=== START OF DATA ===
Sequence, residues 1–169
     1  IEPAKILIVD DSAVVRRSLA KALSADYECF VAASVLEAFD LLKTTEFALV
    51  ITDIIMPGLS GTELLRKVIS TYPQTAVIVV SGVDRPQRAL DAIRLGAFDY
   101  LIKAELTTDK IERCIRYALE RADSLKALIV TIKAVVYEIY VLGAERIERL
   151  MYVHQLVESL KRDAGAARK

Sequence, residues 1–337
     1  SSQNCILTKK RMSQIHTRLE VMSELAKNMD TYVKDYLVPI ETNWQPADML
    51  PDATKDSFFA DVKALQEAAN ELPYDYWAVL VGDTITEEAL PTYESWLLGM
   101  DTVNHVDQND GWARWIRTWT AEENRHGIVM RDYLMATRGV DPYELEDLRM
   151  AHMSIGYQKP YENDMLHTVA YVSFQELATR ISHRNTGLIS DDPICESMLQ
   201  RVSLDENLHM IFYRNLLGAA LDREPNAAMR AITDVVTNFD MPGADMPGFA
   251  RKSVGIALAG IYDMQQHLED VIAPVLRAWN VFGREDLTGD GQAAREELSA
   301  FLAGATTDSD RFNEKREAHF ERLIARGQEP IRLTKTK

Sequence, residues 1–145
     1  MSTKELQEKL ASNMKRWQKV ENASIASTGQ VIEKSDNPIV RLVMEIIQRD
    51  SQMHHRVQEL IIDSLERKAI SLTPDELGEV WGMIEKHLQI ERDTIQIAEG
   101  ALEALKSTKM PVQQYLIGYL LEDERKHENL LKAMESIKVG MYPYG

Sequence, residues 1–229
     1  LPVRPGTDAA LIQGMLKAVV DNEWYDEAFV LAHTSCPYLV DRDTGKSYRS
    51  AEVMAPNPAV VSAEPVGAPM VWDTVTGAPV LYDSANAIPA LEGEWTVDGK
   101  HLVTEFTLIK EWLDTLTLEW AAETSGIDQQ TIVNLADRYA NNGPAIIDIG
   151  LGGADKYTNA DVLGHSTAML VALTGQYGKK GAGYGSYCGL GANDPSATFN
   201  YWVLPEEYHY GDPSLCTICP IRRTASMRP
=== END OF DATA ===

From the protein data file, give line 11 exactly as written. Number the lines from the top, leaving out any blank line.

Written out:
   201  RVSLDENLHM IFYRNLLGAA LDREPNAAMR AITDVVTNFD MPGADMPGFA